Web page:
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Massive Kiua Polychrome (Cochiti Variety) Storage Jar


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  • Category: Historic
  • Origin: Cochiti Pueblo
  • Medium: clay, pigment
  • Size: 21-1/2” height x 21-1/2” diameter
  • Item # 26063
  • Price: $37,500.00

The historic period of pueblo pottery has been defined as beginning with the first contact with Europeans in 1540, the reasoning being that it was the Europeans who began documenting events, creating a history of the area, which was a logical beginning of the historic pottery period.  At that time, pueblo potters made pottery for their own use and as a trade item to members of other pueblos or tribes.

With the arrival of the Spanish, the market for pueblo pottery greatly increased as it was easier and smarter to procure pottery from local pueblo potters than to wait for imports to arrive on the Camino Real from Mexico City, a journey that took over 6 months to complete.  New shapes and new sizes of pottery were developed to satisfy the needs of the new markets.  Large storage jars were standard measurements of volume to facilitate trade of wheat or grains to the market.  In some cases, the historic jar in which the grain was stored was given with the sale of the grain as it was considered only a container of the product being sold.  One wonders if the purchaser of a jar full of grain used the product then discarded the container.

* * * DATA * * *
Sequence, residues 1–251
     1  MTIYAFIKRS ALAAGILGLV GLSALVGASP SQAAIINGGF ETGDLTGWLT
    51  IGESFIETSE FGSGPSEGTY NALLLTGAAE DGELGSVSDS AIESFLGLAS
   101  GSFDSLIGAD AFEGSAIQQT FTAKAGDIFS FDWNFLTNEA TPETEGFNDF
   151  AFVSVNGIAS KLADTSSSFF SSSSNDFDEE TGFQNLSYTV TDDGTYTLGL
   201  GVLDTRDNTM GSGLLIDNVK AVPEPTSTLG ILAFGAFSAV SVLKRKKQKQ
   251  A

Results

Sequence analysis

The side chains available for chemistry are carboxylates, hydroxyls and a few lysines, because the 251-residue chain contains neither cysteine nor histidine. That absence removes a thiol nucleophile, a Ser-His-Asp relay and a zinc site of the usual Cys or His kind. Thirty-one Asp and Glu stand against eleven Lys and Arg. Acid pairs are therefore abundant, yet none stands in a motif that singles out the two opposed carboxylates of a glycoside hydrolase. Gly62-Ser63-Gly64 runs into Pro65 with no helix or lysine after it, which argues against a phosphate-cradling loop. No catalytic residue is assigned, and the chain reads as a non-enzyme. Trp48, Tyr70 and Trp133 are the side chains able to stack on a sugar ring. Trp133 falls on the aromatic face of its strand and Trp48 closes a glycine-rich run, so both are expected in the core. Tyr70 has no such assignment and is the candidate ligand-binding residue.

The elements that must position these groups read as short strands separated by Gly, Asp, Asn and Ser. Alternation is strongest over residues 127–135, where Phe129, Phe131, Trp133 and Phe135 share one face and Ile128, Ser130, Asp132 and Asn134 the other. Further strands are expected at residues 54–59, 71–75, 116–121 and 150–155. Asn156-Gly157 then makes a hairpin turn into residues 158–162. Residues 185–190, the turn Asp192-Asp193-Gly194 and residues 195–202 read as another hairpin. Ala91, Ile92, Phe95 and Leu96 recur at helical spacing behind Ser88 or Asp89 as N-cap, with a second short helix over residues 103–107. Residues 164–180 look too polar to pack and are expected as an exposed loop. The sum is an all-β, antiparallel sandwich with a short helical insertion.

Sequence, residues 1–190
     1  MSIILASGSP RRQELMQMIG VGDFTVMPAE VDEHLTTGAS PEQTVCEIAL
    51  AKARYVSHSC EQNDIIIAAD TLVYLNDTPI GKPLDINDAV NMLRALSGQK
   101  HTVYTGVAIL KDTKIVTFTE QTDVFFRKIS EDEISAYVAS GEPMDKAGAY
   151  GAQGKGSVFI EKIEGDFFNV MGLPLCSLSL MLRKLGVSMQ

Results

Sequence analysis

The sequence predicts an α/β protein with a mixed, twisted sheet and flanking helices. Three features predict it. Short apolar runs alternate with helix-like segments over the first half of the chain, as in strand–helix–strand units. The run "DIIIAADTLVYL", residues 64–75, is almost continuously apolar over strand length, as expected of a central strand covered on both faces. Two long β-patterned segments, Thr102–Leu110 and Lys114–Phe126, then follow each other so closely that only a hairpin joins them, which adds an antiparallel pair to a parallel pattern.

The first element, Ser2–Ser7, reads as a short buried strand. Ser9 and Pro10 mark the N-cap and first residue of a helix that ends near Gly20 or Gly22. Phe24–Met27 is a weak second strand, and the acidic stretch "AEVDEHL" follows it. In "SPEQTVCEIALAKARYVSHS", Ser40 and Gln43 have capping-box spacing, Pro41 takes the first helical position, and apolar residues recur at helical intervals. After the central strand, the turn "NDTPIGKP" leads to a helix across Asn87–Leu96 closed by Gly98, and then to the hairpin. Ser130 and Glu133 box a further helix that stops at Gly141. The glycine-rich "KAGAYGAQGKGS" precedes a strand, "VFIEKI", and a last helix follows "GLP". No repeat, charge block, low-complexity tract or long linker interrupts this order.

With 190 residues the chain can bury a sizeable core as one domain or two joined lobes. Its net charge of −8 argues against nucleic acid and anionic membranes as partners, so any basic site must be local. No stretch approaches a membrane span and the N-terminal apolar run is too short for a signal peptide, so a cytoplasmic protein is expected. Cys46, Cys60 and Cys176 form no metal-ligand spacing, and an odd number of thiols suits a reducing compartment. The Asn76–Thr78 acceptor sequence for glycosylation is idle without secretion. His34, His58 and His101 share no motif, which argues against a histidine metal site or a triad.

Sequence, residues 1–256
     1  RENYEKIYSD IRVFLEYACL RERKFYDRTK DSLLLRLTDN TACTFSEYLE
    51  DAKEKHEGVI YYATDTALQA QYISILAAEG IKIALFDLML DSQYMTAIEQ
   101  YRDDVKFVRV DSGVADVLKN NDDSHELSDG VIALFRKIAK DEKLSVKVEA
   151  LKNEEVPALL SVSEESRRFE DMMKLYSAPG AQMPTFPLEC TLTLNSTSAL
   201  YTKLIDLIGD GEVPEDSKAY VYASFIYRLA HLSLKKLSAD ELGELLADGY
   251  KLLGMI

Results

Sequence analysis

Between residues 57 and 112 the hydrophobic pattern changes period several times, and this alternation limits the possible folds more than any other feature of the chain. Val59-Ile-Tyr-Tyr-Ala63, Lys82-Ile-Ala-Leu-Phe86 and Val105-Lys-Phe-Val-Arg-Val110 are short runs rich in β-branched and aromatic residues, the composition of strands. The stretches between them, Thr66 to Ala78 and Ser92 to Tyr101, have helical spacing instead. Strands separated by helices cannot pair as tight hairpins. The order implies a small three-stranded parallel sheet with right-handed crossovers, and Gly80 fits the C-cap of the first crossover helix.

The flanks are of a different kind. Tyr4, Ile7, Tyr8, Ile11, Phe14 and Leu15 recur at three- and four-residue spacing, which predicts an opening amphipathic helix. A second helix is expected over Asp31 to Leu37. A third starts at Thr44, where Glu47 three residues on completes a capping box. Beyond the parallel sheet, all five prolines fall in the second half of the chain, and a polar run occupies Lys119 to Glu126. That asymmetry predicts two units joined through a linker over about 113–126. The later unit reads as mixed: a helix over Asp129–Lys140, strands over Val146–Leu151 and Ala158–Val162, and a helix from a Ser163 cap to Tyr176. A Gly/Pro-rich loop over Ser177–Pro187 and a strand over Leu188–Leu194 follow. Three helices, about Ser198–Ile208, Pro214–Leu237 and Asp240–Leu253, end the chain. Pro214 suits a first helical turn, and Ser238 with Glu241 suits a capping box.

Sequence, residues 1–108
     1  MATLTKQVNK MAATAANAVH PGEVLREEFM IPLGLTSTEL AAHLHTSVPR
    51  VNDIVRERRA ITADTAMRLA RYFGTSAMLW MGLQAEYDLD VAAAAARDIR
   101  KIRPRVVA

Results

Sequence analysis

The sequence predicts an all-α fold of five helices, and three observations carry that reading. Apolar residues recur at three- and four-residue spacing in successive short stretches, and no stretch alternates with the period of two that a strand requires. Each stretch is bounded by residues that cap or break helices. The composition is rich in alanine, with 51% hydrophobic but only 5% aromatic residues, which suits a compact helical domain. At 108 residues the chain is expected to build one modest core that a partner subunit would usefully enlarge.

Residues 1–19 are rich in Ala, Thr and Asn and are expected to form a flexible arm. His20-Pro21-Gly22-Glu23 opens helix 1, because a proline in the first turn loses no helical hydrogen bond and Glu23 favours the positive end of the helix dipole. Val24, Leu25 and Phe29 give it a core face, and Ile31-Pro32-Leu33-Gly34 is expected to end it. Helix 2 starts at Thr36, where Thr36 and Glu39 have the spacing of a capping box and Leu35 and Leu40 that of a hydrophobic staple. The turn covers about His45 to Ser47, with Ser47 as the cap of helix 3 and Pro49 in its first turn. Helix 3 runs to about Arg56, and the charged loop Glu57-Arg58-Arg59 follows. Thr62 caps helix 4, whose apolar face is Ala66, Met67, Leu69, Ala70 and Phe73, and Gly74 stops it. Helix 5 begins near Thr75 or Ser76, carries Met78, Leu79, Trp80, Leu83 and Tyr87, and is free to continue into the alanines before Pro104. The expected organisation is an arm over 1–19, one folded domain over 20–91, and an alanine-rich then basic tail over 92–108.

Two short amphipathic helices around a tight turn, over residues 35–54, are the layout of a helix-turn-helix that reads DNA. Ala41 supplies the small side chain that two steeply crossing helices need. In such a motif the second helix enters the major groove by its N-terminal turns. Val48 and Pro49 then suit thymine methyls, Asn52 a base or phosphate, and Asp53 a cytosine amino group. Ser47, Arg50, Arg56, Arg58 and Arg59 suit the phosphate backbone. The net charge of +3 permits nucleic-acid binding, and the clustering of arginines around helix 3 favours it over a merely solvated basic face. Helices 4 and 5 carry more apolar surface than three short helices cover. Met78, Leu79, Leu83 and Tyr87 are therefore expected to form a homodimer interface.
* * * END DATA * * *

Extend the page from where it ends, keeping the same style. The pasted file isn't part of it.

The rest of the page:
Kiua pottery is produced at Cochiti and Santo Domingo, the two Keres pueblos.  This very large storage jar, which dates to the mid 1800s and was made at Cochiti, is one of the finest pieces examples of this type of pottery that we've ever handled. It is very globular in shape and has a rounded bottom, which is typical of mid-century storage jars.  The designs are typical of those from the period—simple, uncluttered and elegant.  The rag-wiped red band on the underbody, which covers about a quarter of the jar, was used commonly from the beginning of the historic era to the late nineteenth century.  

The jar's designs are absolutely gorgeous.  The primary design elements are pairs of curving lines that reach up and down towards the jar's widest point.  They begin with shallow curves, and then grow shaper, eventually spiraling into themselves.  Triangular and ovular designs repeat along the exteriors of these partial spirals.  Within the framing lines' corners, curving along with these graceful spirals, are sloping triangular shapes.  Within these sloping triangles, reaching out from the corner, are teardrop-shaped desings.  Francis Harlowe's Matte-Paint Pottery calls these designs "radiating negative leaves."

A storage jar of this age and size is extremely rare.  The ones that do exist are mostly safely stored in museum collections.  

Condition: the bottom of the jar has been broken into several pieces and reassembled.  The breakage was limited to only a small section of the underbody of the jar, visible in one of the photographs above.

Recommended Reading: A River Apart: The Pottery of Cochiti & Santo Domingo Pueblos

Provenance:  from the collection of John R. Elkins family from Aspen, Colorado

close up view of side panel design

  • Category: Historic
  • Origin: Cochiti Pueblo
  • Medium: clay, pigment
  • Size: 21-1/2” height x 21-1/2” diameter
  • Item # 26063
  • Price: $37,500.00

C3758A-storage.jpgC3758A-large.jpg Click on image to view larger.